Convention reasonable suspicion standard, without raising it to that of domestic ‘strong
Another important addition to the Court’s reasonableness arsenal comes in the form of its
finding in Kavala that the inclusion of facts that could not be reasonably considered behaviour
criminalised under domestic law, as well as facts largely related to the exercise of Convention
rights, within the bill of indictment diminished the reasonableness of the suspicions in ques-
The Court’s findings on reasonableness are thereby further affected wher e, after a
conclusion that relevant evidence capable of satisfying an objective observer that the appli-
cant may have committed the offence is lacking, the reasonableness of a suspicion can be
further diminished by aggravating factors – here, the grounding of pre-trial detention mea-
sures on facts falling beyond the scope of criminal law and those pertaining to the exercise of
Convention rights. The latter is dealt with in detail by the Court through the medium of its
assessment of the alleged (and ultimately established) violation of Article 18 taken in con-
junction with Article 5 § 1, in particular within the context of charges against the applicant
being brought subsequent to public speeches given by Turkey’s President in which he referred
to the applicant by name, accused him of ‘[providing] all manner of support for ...acts of
terror’ and of being financed by the ‘famous Hungarian Jew G.S. [George Soros]’,
ments that are truly chilling in more ways than one. The Court noted a clear link between
these accusations and the phrasing of the bill of indictment, filed three months after they were
94. In response to the Turkish government’s urban development project that would have required the demolition of Gezi
Park in order to clear space for a shopping centre, a peaceful environmental sit-in was organised in May 2013. The
police responded with violence and raided the park with tear gas and pressurised water in order to disperse
the campaigners. Protests escalated over the following months and spread to several cities across Turkey, resulting in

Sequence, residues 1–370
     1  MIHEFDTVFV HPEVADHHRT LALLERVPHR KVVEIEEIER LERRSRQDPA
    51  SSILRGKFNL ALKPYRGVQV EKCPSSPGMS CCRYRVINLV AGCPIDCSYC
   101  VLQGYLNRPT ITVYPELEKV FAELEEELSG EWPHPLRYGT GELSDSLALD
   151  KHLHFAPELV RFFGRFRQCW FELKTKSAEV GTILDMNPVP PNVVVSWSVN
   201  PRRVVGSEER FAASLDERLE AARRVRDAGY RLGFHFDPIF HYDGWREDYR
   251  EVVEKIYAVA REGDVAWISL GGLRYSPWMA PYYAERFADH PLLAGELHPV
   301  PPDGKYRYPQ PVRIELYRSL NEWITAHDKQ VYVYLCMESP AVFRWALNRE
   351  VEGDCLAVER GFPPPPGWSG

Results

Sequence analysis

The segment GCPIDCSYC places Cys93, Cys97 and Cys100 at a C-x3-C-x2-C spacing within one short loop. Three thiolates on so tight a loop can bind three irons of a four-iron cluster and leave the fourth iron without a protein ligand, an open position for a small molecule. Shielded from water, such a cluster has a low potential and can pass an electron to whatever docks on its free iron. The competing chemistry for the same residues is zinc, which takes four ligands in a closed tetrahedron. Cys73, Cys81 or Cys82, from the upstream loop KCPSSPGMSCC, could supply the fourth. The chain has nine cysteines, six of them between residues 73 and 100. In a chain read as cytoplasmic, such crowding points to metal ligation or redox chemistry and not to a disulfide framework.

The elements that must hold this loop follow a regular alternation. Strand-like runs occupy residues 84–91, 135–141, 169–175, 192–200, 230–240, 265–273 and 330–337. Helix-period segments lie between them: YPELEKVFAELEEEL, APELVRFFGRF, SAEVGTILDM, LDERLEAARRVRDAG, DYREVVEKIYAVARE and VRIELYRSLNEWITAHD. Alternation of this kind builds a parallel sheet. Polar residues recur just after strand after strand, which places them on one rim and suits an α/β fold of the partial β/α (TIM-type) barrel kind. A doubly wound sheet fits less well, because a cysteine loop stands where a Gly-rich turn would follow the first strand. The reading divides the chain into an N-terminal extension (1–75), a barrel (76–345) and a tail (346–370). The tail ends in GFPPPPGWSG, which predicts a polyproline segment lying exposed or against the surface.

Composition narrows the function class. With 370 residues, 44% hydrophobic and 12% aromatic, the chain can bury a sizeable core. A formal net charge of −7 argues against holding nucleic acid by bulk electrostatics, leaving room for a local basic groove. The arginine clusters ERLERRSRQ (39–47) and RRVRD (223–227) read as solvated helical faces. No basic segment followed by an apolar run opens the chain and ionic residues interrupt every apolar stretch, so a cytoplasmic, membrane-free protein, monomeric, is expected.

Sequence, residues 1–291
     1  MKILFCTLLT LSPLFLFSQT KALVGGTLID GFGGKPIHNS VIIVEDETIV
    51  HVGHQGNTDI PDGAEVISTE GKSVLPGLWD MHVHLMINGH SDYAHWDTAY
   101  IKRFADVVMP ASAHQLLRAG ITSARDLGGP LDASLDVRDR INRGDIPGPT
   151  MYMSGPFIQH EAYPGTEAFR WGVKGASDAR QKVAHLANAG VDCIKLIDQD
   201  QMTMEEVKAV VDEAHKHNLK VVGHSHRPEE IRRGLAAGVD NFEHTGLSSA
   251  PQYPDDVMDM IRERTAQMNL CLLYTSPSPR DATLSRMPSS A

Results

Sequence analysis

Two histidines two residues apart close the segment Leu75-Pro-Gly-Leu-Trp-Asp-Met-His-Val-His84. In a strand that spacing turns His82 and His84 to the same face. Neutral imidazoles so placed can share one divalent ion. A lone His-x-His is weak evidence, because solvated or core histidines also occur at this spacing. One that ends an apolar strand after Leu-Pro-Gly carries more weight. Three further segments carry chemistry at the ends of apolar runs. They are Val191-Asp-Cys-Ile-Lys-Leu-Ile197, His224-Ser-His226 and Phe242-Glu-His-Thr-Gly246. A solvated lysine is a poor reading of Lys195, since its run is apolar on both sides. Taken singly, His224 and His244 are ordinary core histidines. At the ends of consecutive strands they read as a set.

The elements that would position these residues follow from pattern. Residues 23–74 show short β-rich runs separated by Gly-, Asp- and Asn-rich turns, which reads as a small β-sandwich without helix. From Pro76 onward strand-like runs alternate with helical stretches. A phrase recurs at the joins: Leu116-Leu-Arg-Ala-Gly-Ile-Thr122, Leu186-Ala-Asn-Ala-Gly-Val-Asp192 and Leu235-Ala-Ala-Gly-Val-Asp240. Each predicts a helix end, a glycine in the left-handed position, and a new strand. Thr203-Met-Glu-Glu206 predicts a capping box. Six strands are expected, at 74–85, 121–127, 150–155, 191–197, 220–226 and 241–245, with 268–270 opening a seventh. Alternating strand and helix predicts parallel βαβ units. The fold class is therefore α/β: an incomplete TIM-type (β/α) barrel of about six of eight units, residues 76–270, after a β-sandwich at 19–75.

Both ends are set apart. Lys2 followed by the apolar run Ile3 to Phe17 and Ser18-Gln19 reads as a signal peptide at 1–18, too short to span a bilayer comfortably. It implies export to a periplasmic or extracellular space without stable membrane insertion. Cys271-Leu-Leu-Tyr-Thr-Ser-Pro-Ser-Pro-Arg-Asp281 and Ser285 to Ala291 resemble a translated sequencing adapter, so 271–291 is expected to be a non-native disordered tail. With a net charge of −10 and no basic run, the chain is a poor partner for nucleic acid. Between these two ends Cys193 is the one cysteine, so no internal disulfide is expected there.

the deaths of eight individuals, including three protesters, and thousands of people sustaining injuries – see Alev
Yaman, ‘The Gezi Park Protests: The Impact on Freedom of Expression in Turkey’ (PEN International, 14 March
2014) accessed 3 September 2020.
95. Kavala v Turkey (n 39) para 72.
96. ibid para 158.
97. ibid para 157.
98. ibid para 229.
280 Netherlands Quarterly of Human Rights 38(4)
The Court in this way effectively uses Article 18 as a way of upholding the reason-
reliance on facts pertaining to the exercise of Convention rights.
Following the 15 July 2016 failed coup, Turkey declared a nationwide state of emergency and
derogatedfrom its obligations under the ECHR pursuantto Article 15. In the wake of the declaration,
State authoritiesadopted numerous emergency decreesthat introduced sweeping measures resulting
in strongly curtailed rights. Turkey’s post-coup period has been clearly marked by the mass arrests
and detention of hundreds of thousands of people including judges and prosecutors, military per-
sonnel, police officers, journalists, lawyers, human rights defenders and opposition politicians.
While the Turkish post-coup pre-trial detention practices impact a wide range of human rights,
the present article has examined them primarily throu gh the lens of the reasonable suspicion
requirement under Article 5 § 1 (c) ECHR. This is because, as noted above, in the vast majority
of cases, arrests and detentions resulted from a mere suspicion with little to no evidence corrobor-
ating involvement in terrorist activities. Moreover, the emergency decrees introduced many drastic
procedural restrictions in the field of pre-trial detention at the blatant expense of significant
elements of the right to liberty and security of the person, which Turkey has covenanted to protect.
Weighingthe Court’s findings in the Turkish post-coupcases against its prior jurisprudence on the
Article 5 suspicion threshold in emergency settings, it can be concluded that the Court has strongly